Fireworks

Lead: Brought from China by Italian traders over five centuries ago, fireworks are enticing, spectacular, complex and especially dangerous. We love them.

Intro.: A Moment in Time with Dan Roberts.

Content: Sometime in the ninth century of the Common Era, Chinese alchemists combined the enriching powers of potassium nitrate, or saltpeter, with charcoal and sulfur. Francis Bacon, the English philosopher, said the resulting wizardry revolutionized the world. Lacking a true gun, however, the Chinese could make little more use of gunpowder in warfare than fire lances and war rockets. Therefore, they used it primarily for entertainment. Not so the Europeans. When they got hold of gunpowder, the cannon soon became a vital component of continental militarism. The social and political landscape of Western Europe and then the world was changed.  

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Confucius II

Lead: After his death in 479 B.C.E., as they scattered throughout China, the disciples of Confucius spread his conversations and teachings recorded in the years soon after his lifetime.

Intro.: A Moment in Time with Dan Roberts.

Content: What we know of Confucius, the brilliant Chinese teacher and scholar, does not come from his own writings but from those his followers and is known as the Analects of Confucius. This is considered perhaps the most influential work on eastern thought and philosophy today. Since parts of the Analects were recorded close to his lifetime, this is considered the most authentic record of the teachings of Confucius. Some recorded traditions about Confucius appeared centuries after his lifetime and are considered mythological.

 

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Confucius I

Lead: Over two and one half millennia, Confucius, China’s most influential thinker, has helped shaped the conversation and behavior of the Chinese on how to reform their society.

 Intro.: A Moment in Time with Dan Roberts.

 Content: “Kongfuzi,” know by the Latin version of his name – Confucius, was born about 551 BCE in what is now Shandong Province in the Yellow River Valley in eastern China. Young Confucius had a passion for learning and though he may have studied with one or more noted teachers, he was mostly self-taught.

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Hong Kong I

Lead: Seeking a trading base on the coast of China, Britain used military and diplomatic muscle to acquire what was considered, at the time, a relatively useless island at the mouth of the Pearl River.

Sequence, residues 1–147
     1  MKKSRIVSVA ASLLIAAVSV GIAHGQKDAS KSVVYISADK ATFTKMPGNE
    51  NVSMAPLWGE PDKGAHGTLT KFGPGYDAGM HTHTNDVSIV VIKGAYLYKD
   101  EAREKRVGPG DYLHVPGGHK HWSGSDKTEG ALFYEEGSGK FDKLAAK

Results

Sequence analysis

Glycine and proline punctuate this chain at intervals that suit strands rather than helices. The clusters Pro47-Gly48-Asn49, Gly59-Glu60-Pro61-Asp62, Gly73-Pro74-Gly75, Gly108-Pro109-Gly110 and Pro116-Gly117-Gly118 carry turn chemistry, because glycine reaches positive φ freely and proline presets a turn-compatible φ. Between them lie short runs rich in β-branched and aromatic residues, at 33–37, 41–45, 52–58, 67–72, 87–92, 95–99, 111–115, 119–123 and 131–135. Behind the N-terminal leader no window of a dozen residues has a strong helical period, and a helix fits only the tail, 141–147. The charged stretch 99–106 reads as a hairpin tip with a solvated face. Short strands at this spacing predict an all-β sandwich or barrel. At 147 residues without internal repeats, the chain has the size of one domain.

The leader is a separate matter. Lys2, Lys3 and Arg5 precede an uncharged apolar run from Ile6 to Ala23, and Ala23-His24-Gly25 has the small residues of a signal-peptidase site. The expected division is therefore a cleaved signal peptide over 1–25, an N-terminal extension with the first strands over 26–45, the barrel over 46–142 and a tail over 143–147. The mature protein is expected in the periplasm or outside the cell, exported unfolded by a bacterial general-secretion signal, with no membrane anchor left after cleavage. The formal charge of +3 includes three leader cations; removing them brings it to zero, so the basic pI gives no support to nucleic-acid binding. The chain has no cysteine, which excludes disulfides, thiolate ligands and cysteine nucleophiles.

Intro.: A Moment in Time with Dan Roberts.

Content: European trade with China reached back to the adventures of the Polo brothers in the 12th century. After the publication of Marco Polo’s Le Devisiment du Monde, Europe’s fascination with all things Asian was insatiable. No fashionable London mansion, Parisian palace, or Milanese villa would be complete without Chinese porcelain or decorative art. Imported Asian spices became an essential part of the western European diet and Chinese silk an irresistible feature of clothing for even the lower classes. It was the huge popularity of oriental tea, however, that drew the great powers of Europe into direct intervention in the affairs of China and its neighbors.

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Hong Kong II

Lead: In the early 1840s, to protect its merchants and their trading interests, Great Britain was seeking a trading base on the east coast of China. Captain Charles Elliot was in charge of the search.

Intro.: A Moment in Time with Dan Roberts.

Content: Until the mid-1900s China, from ancient time the superior civilization in Asia, regarded all foreigners as barbarians. Concessions by Qing Dynasty of Emperors permitted European trade but only through the City of Guangzhou (or Canton). Foreign merchants had to stay in small enclosures called factories erected on the outside of the City. The British had been trying to secure diplomatic relations and a liberalized trade policy, but the Chinese rejected such overtures because this would have reflected equality. Dispute over the import of opium, however, gave the British the opportunity they needed. The Opium Wars demonstrated western military superiority and forced China to deal.

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Dowager Empress Tzu-Hsi I

Lead: Powerful, cunning and ruthless, Tzu-Hsi, Empress Dowager of China, effectively ruled the for five decades.

Intro.: A Moment in Time with Dan Roberts.

Content: In 1852, at the age of seventeen, the young beauty Tzu-Hsi was conscripted from the lower middle ranks of Manchu society to become one of the concubines at court of the Emperor Hsien-Feng. Behind the walls of the Forbidden City she began to learn the arts of intrigue. There in sequestered luxury Chinese emperors lived among a vast retinue of submissive officials, eunuchs, concubines and servants. Tzu-His learned well. Through sheer force of character and cunning this ingenious woman became one of the most powerful women in the history of China.

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Dowager Empress Tzu-Hsi II

Lead: Always reluctant to surrender power, Tzu-Hsi, Empress Dowager of China, the mother of Emperor Kuang-Hsu, in 1898 led a palace coup to defeat attempts at reform and modernization.

Intro.: A Moment in Time with Dan Roberts.

Content: In 1852 Tzu-Hsi, a delivered his only son to the emperor of China. At the old man’s death in 1861 the widow assumed control of the nation as regent. When her son died 15 years later, quite possibly by her order, she installed her nephew as emperor and continued to rule behind the scenes. This was a ruthless and intimidating woman who had under her spell the young emperor his court who lived behind the walls of the Forbidden City that secret royal enclave in heart of Beijing.

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